Natural Environment Teaching (NET) is utilizing principles of Applied Behavior Analysis to teach in the natural environment, “the real world”.
Because children with autism are not typically motivated to learn new things, Natural Environment Teaching can be particularly necessary and particularly difficult. Since a child is taught away from a structured setting, following the child’s lead, using activities and materials in the child’s home, outside, day care setting, etc. that the child is showing an interest, an ABA professional unfamiliar with NET may opt away from NET in order to teach specifically in a structured setting. As a matter of fact, many programs don’t teach new skills in the natural environment at all! Unfortunately, this can lead to a child only being able to learn skills in one environment. It also leads to skills being gained in therapy but not utilized outside of therapy. What a waste! Even though the idea is to follow the child’s lead, a curriculum is usually planned ahead of time and followed through a session. The curriculum would focus on a child’s specific needs and embed them within his/her interests. Characteristics of NET also include capturing motivation (EO/MO) pairing, errorless learning, and using probe data as opposed to trial by trial data.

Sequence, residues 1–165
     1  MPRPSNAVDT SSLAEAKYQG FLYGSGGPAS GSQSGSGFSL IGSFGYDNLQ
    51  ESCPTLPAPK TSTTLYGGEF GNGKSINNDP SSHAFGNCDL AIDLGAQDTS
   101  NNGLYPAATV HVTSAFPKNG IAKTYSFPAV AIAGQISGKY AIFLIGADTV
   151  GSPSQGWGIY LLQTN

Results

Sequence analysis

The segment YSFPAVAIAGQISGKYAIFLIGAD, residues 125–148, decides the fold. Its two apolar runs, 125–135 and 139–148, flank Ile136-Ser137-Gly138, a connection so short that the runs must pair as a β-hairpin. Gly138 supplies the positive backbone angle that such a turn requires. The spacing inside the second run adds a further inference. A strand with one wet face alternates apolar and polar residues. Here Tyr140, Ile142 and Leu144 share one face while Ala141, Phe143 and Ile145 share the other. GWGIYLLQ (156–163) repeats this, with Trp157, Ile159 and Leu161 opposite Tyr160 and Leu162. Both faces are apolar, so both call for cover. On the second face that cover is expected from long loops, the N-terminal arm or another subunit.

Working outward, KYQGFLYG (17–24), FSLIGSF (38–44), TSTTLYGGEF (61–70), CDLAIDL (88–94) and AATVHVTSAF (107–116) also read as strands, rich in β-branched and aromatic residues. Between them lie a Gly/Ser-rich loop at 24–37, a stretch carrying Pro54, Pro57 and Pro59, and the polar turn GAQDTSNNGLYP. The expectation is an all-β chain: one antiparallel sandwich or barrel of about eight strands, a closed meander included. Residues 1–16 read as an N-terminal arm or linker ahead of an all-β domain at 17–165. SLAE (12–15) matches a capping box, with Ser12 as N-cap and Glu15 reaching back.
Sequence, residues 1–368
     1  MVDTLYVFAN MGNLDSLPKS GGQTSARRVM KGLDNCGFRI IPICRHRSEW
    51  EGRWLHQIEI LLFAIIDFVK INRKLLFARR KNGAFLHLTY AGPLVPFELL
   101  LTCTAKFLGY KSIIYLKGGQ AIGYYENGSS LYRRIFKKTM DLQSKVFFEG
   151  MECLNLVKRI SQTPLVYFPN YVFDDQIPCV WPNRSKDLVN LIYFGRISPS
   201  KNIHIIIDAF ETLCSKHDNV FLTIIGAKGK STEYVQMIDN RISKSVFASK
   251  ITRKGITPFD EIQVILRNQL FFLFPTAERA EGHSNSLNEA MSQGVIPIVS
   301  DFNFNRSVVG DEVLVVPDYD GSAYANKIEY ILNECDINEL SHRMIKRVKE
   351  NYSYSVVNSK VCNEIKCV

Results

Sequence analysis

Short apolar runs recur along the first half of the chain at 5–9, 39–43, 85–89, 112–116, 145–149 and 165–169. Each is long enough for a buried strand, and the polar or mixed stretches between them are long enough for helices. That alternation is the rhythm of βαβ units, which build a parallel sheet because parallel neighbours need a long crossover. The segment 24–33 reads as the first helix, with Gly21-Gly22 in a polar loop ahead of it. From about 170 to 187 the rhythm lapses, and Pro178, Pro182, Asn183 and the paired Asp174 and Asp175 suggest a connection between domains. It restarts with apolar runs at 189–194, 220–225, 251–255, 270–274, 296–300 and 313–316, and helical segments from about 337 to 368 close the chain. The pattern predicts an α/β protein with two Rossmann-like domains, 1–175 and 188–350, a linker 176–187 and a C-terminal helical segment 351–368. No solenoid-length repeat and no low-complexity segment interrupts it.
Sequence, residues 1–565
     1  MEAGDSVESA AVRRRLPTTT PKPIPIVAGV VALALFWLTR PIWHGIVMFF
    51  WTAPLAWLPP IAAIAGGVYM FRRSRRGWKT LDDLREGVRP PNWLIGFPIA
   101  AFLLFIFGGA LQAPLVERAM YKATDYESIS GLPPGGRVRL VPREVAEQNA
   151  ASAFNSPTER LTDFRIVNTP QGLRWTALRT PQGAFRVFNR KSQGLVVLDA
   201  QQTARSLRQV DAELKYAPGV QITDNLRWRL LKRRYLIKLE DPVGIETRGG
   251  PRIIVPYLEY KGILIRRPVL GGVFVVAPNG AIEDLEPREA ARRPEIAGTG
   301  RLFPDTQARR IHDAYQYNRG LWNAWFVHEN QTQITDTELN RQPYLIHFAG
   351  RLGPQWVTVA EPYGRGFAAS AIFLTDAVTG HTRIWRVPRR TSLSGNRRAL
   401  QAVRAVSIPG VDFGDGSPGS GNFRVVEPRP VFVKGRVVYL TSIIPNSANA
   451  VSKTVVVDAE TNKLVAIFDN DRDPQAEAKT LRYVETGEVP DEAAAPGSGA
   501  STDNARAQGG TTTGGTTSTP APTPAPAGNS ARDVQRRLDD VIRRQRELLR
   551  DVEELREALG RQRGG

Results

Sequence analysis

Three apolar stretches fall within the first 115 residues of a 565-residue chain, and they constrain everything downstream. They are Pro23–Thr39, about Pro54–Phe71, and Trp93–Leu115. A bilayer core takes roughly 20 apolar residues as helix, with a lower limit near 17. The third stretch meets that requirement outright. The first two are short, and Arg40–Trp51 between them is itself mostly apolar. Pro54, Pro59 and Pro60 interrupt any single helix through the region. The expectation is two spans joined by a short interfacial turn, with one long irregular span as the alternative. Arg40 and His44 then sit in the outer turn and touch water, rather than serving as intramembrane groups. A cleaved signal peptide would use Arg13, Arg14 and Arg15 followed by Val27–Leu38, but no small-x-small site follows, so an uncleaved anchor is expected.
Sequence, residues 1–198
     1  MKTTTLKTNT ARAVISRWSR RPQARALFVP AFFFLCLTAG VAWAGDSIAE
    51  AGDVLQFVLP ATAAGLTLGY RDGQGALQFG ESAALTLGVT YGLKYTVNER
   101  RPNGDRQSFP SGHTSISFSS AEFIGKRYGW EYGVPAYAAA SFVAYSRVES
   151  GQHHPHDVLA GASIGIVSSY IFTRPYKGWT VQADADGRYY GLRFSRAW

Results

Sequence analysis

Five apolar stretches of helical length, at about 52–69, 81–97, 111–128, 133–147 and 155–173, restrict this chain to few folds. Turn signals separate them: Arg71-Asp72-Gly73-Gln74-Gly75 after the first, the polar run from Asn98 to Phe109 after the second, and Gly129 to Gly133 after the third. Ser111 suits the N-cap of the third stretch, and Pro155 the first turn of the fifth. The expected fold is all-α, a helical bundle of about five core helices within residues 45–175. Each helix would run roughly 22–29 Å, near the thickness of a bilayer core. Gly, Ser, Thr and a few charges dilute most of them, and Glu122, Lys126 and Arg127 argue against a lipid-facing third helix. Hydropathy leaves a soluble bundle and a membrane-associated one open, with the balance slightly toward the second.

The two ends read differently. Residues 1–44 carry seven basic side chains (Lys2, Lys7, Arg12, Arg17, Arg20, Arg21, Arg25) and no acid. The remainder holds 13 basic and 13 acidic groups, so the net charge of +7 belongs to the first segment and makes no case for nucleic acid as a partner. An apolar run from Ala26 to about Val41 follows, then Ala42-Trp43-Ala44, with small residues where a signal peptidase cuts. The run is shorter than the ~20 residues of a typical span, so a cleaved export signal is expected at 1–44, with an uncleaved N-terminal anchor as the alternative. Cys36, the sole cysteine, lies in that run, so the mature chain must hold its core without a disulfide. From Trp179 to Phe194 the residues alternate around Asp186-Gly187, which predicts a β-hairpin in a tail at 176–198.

Capturing the motivation of the child to teach new skills is especially important at the beginning of a program when a therapist/teacher is still developing a rapport with a child. The idea is to capture a moment of high interest/motivation and use it to teach a new skill, whether it is naming/identifying colors, talking about categories, naming familiar people or characters, or requesting preferred items, etc.
For example, a need that a child may have is to learn to vocally request items. In NET, the situation may be arranged so that in order for the child to gain access to his/her stuffed “Barney”, which is slightly out of reach, he/she would ask for it. When the child sees the toy and reaches for the item, the ABA provider may initially prompt the request by modeling the word “Barney”. If the child says, “Barney”, the item would be given to him/her. Quickly, the prompt would be faded, until soon enough, the child would be requesting Barney on his/her own.
This is just a simple example. There is definitely opportunity to teach more and more complex behavior in the natural environment when motivation is captured appropriately. The key is to target or program in such a way that skills are being taught in the way a child will most likely learn. If a skill is too advanced for a child, it will most likely end in frustration. If the skill is too easy, the child would not be learning new things. E.g. If a child is not yet imitating words but is beginning to imitate sounds, a whole word would most likely not be required for a request. However, as the child demonstrates better and better ability to imitate during requesting, better and better approximations would be required.
Teaching in the natural environment can be especially difficult when instructional control is not demonstrated. In structured settings, instructional control is somewhat easier for an ABA provider to gain for several reasons: